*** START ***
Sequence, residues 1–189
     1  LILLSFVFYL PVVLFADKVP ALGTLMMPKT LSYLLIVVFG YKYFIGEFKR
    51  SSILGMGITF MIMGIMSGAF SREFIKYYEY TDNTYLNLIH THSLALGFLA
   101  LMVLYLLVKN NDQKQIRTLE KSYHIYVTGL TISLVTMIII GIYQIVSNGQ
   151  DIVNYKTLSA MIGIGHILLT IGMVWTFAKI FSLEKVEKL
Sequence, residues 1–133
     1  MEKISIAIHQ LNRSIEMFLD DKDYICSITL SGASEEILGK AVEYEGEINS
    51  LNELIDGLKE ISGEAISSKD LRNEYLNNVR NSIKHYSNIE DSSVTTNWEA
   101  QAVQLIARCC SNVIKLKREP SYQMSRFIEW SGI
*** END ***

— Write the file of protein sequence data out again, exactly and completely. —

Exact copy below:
Sequence, residues 1–189
     1  LILLSFVFYL PVVLFADKVP ALGTLMMPKT LSYLLIVVFG YKYFIGEFKR
    51  SSILGMGITF MIMGIMSGAF SREFIKYYEY TDNTYLNLIH THSLALGFLA
   101  LMVLYLLVKN NDQKQIRTLE KSYHIYVTGL TISLVTMIII GIYQIVSNGQ
   151  DIVNYKTLSA MIGIGHILLT IGMVWTFAKI FSLEKVEKL
Sequence, residues 1–133
     1  MEKISIAIHQ LNRSIEMFLD DKDYICSITL SGASEEILGK AVEYEGEINS
    51  LNELIDGLKE ISGEAISSKD LRNEYLNNVR NSIKHYSNIE DSSVTTNWEA
   101  QAVQLIARCC SNVIKLKREP SYQMSRFIEW SGI